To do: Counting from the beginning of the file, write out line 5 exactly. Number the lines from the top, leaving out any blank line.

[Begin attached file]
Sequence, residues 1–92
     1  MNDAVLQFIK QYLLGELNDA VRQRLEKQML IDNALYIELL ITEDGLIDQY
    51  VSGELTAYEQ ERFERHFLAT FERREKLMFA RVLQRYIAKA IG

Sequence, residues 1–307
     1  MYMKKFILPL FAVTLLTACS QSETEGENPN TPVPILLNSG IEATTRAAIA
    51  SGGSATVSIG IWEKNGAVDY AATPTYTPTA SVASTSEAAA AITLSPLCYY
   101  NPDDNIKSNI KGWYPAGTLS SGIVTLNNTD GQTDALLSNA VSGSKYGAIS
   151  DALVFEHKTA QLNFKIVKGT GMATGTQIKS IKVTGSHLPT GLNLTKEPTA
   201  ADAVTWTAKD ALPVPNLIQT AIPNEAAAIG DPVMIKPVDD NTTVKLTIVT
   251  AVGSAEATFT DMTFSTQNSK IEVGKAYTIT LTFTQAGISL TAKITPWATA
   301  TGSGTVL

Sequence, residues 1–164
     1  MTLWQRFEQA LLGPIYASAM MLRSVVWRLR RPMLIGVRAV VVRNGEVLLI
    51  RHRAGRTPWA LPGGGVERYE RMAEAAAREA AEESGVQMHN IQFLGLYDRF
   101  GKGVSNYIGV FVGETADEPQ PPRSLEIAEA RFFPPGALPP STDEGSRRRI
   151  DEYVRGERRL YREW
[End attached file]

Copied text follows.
     1  MYMKKFILPL FAVTLLTACS QSETEGENPN TPVPILLNSG IEATTRAAIA